Turmoil in Russia: What foreign governments are saying | News

Governments around the world are closely watching the events rapidly unfolding in Russia, where a mutiny by the Wagner mercenary group has posed the most serious challenge to President Vladimir Putin’s long rule.

Wagner head Yevgeny Prigozhin on Saturday said his fighters had crossed from Ukraine into the Russian border city of Rostov-on-Don, taking control of military facilities in the city, including the airfield.

During an emergency televised address in Moscow, Putin promised to crush what he called an “armed mutiny” and an act of treason.

Here is what governments and political institutions are saying about the extraordinary situation taking place in nuclear-armed Russia:


Ukrainian President Volodymyr Zelenskyy said the Wagner mutiny showed Russia was weak.

“Russia’s weakness is obvious. Full-scale weakness. And the longer Russia keeps its troops and mercenaries on our land, the more chaos, pain, and problems it will have for itself later,” he said in a statement on social media.

“Anyone who chooses the path of evil destroys themselves,” Zelenskyy also wrote on Twitter. “For a long time, Russia used propaganda to mask its weakness and the stupidity of its government. And now there is so much chaos that no lie can hide it.”

Ukraine’s Foreign Minister Dmytro Kuleba urged the international community to “abandon false neutrality” on Russia and provide Kyiv all the weapons it needs to push Moscow’s forces out of Ukrainian territory. “Those who said Russia was too strong to lose: look now,” he posted on Twitter.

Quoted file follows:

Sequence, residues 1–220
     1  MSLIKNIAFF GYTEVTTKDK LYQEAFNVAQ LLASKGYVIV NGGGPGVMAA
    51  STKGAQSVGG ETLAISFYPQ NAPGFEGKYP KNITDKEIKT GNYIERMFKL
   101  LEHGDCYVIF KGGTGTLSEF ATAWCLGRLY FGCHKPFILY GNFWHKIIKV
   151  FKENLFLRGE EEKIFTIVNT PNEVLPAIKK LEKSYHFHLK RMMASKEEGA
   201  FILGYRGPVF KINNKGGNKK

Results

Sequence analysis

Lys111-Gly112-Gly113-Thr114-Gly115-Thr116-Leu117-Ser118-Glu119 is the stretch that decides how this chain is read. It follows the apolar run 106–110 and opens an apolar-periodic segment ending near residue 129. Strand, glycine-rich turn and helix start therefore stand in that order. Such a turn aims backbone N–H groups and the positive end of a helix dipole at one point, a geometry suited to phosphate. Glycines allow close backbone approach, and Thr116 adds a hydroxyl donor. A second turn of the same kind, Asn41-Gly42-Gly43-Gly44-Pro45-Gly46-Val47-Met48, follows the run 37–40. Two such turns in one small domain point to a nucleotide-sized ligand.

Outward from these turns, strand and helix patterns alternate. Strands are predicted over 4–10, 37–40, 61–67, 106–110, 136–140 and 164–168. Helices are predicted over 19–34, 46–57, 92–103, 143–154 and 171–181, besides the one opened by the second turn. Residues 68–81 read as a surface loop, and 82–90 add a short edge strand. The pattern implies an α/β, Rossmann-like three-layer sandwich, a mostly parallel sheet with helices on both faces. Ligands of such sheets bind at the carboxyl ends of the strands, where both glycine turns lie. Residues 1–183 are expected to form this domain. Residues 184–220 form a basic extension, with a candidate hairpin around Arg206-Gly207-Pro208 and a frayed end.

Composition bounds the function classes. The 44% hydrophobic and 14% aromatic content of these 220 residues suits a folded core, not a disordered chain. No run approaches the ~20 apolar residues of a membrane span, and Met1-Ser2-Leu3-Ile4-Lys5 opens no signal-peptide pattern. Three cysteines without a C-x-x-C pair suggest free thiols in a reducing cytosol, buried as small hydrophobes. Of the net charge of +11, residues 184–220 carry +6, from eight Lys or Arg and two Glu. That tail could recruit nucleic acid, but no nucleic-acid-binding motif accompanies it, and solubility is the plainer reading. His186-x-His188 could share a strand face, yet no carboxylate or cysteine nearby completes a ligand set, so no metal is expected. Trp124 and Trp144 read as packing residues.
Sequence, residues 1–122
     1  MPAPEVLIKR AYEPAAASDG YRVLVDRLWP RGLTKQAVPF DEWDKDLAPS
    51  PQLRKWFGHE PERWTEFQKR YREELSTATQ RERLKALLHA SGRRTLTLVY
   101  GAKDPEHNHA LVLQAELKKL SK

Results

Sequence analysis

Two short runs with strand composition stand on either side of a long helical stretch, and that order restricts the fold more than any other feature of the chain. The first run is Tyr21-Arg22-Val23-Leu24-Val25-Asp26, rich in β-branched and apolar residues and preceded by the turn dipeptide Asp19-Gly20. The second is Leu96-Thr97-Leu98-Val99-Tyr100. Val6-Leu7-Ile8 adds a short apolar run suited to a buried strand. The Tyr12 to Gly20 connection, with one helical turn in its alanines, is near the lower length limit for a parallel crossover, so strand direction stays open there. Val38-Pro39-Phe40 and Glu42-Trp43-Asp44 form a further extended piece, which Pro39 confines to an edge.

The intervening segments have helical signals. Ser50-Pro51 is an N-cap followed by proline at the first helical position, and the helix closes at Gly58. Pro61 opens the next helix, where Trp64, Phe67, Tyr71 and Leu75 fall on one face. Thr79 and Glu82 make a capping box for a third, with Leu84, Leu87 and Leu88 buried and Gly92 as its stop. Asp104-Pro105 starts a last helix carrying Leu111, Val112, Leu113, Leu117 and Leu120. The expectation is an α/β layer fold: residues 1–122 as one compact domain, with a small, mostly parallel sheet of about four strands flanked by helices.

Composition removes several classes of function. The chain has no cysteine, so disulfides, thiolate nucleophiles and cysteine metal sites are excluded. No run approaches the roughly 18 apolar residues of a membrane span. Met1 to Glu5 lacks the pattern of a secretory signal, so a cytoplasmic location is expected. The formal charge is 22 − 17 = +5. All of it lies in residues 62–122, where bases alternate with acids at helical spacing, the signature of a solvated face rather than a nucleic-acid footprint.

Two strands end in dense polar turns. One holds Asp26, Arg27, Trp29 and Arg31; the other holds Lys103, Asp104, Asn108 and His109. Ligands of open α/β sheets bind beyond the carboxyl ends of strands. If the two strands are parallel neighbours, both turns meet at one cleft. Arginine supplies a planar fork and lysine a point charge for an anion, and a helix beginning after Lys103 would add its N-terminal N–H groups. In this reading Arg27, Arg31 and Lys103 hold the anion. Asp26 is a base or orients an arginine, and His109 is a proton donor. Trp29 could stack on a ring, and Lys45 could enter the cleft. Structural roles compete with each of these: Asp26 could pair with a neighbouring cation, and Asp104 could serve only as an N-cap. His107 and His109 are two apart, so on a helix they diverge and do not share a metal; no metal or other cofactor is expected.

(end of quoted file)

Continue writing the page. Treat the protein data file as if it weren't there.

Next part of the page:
Presidential adviser Mykhailo Podolyak said, “the next 48 hours will define the new status of Russia”.

“Either a full-fledged civil war, or a negotiated transit of power, or a temporary respite before the next phase of the downfall of the Putin regime,” he wrote on Twitter.


President Andrzej Duda said: “In connection with the situation in Russia, this morning we held consultations with the prime minister and the ministry of defence, as well as with allies.

“The course of events beyond our eastern border is monitored on an ongoing basis.”


Foreign Minister Gabrielius Landsbergis said that “for 100 years Lithuanians have lived on the edge of Moscow’s brutal banditocracy, knowing it’s only a matter of time before the next chaotic implosion. We are not distracted. We see clearly in the chaos. The goal, as ever, is victory and justice for Ukraine. The time is now.”


British Prime Minister Rishi Sunak urged “all parties to be responsible and to protect civilians”.

“We’re in touch with our allies as the situation evolves. I’ll be speaking to some of them later today and the most important thing is for all parties to behave responsibly,” he told the BBC.

The country’s defence ministry said that “over the coming hours, the loyalty of Russia’s security forces, and especially the Russian National Guard, will be key to how this crisis plays out.”

“This represents the most significant challenge to the Russian state in recent times,” it said.

It added that Wagner troops had “almost certainly” occupied key security sites in Rostov-on-Don and that “further Wagner units were moving north through Voronezh Oblast, almost certainly aiming to get to Moscow”.